A number of years ago, I was talking to the games committee of the big local F/SF convention about getting space to run some games at their event. I toured their space, and noticed that the game tables were set up for what felt like a bridge tournament - small square tables, with four to six chairs. I asked about this, and the committee members told me that that was the format that games used these days; players didn't want to spend a lot of time in the game, they mostly just wanted a couple of hours' worth of entertainment.

We talked a lot about the kind of games that I run - 'Braunsteins', and the like - and the committee finally offered the suggestion that I and my style of game play simply didn't "fit the format"; they - quite intelligently, I thought; these are smart and thoughtful people, who know their gaming - and that I hould really get one of the convention's party suites and offer games in that space for the duration of the convention. Their thought, which I agree with, is that game players want what amounts to an 'in-and-out' game session - the kind of socializing and such that I do, they suggested, was better-suited to a social environment.

Now, please keep in mind that I don't disagree or condemn this play style; if that's what people find to be fun, then they should be free to use that model. "Cool," I thought, "at least they're playing something!"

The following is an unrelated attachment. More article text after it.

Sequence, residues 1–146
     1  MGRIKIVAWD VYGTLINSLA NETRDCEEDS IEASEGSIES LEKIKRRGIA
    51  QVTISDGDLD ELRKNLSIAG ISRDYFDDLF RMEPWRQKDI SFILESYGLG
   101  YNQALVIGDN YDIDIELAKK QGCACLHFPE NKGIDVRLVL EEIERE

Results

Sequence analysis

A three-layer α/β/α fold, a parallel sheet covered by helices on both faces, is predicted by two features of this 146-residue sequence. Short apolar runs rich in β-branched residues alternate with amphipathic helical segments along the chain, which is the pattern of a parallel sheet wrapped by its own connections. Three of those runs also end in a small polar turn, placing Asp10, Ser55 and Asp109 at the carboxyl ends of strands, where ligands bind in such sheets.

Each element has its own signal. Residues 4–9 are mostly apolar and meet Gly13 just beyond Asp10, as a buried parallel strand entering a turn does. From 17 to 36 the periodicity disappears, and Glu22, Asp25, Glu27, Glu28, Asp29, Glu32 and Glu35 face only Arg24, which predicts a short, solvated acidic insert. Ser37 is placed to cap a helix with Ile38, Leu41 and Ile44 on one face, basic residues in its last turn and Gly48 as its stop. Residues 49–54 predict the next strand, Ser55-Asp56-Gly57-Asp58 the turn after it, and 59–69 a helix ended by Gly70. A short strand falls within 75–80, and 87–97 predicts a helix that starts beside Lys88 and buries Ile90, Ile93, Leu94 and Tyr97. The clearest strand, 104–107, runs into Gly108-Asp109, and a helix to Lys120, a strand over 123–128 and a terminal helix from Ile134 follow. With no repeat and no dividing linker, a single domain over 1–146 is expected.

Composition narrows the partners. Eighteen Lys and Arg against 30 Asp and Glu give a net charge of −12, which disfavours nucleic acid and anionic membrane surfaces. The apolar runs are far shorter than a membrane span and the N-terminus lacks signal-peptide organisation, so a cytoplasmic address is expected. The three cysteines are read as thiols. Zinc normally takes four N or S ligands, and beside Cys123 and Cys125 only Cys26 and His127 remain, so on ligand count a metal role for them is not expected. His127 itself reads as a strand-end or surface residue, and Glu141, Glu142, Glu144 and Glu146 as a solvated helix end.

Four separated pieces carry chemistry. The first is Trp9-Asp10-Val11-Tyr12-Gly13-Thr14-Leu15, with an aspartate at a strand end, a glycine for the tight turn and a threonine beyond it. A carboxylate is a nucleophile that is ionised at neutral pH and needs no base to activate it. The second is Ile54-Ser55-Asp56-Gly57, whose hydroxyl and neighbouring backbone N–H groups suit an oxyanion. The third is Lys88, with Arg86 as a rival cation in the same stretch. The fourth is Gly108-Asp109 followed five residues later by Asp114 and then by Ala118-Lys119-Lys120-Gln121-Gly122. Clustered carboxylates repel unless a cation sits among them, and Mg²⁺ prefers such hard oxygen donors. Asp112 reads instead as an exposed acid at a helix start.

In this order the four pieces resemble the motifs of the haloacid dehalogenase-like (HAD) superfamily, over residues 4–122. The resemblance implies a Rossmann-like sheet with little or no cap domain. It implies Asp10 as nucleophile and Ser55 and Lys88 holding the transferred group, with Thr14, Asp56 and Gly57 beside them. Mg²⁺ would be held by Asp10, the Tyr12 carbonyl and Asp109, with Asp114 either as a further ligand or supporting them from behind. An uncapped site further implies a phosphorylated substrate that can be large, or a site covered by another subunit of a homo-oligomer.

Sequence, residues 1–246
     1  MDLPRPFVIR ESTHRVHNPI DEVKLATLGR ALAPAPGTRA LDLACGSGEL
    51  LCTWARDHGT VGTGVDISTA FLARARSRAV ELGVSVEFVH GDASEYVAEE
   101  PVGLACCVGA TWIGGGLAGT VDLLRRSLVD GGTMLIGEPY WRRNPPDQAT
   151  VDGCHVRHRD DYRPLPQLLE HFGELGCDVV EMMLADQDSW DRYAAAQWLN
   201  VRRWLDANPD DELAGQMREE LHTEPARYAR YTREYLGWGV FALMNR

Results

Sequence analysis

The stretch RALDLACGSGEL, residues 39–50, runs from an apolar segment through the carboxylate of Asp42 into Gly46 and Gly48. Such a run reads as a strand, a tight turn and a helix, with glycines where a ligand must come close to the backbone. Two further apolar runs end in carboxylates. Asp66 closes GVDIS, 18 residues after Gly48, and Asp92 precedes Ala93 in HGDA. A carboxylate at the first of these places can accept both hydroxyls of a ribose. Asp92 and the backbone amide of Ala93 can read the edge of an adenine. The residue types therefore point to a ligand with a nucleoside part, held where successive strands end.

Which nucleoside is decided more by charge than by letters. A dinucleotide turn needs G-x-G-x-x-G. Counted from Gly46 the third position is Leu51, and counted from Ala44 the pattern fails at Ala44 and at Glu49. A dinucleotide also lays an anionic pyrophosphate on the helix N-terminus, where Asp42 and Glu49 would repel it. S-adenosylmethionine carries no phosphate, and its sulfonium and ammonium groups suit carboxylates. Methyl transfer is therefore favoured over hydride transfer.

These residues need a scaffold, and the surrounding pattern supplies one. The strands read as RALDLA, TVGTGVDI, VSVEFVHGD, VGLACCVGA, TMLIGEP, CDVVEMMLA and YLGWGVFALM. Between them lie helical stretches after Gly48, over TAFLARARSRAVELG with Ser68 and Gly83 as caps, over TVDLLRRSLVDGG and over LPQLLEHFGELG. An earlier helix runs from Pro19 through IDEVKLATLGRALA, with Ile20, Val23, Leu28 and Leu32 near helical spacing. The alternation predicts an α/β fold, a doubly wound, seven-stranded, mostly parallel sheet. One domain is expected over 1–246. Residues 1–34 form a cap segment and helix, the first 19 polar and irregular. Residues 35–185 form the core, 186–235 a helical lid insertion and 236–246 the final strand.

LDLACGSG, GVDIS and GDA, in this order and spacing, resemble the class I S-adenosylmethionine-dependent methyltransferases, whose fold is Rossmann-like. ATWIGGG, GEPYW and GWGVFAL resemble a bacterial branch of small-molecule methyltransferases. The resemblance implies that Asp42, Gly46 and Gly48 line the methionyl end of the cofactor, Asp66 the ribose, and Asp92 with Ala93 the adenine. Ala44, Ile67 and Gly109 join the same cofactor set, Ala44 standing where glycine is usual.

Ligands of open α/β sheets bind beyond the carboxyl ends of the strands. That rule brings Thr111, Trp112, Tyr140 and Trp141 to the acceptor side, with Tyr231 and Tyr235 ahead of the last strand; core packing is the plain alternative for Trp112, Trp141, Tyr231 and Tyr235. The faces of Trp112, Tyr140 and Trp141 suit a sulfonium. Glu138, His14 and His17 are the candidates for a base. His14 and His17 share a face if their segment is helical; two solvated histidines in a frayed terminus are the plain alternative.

And, of course, this means that the kind of effort that I put out to run my kind of games is something that a lot of modern gamers don't have a good handle on. They simply don't have the cultural background, because they don;t know what gaming was like back in those days when we were making it up as we went along. Again, cool; I'm all right with that. Where I'm running into some issues is simply that I don't have the stamina or energy, post-brain surgery, to be able to run a lot of things unless the environment and venue will allow for my need for logistics planning and execution.

So, I've been thinking a lot as I get through my nights; I'm looking at refocusing my energy and effort on the projects I'm working on that I think will further my ancient goals of 'having fun' and 'promoting Tekumel'. I'll still be open for games here at The Workbench on the second and fourth Saturdays in the month, and I'll still run games for folks. But, there will be some changes - changes that you, Gentle Readers, will probably not notice.

I will be continuing to work on my book, "To Serve The Petal Throne"; I will be repurposing the 'trade show booth' that I had originally built to show off Prof. Barker's Temple of Vimuhla model to be the 'trade show booth' for promoting my book at events where I think people might be interested in the thing. My thought is that since I paid for all this stuff, I might as well get some use out of it.

I will be reconfiguring the miniatures collection to reflect the preference for smaller games; Howard Fielding has shown the way ahead on this, with his packaging of his admirable miniatures into smaller and handier groups. He's right; one usually doesn't need the Big Battalions on the tabletop, and it'll speed up my painting cycle time. I will also be using the miniatures to fully illustrate the new edition of my rules, "Advance Standards!", and I will generate some small-unit rules to meet a need for same - I'm not talking about the classic Qadarni fights, I'm talking about what we used to call 'skirmish games' between small units on patrols or raids.

I will keep the Big Games in stock; I've already built them, so I might as well keep them handy for the future. You'll see more of them in the future, as I get them photographed.

So, there are my thoughts on a bitterly cold Friday night. Any thoughts or comments?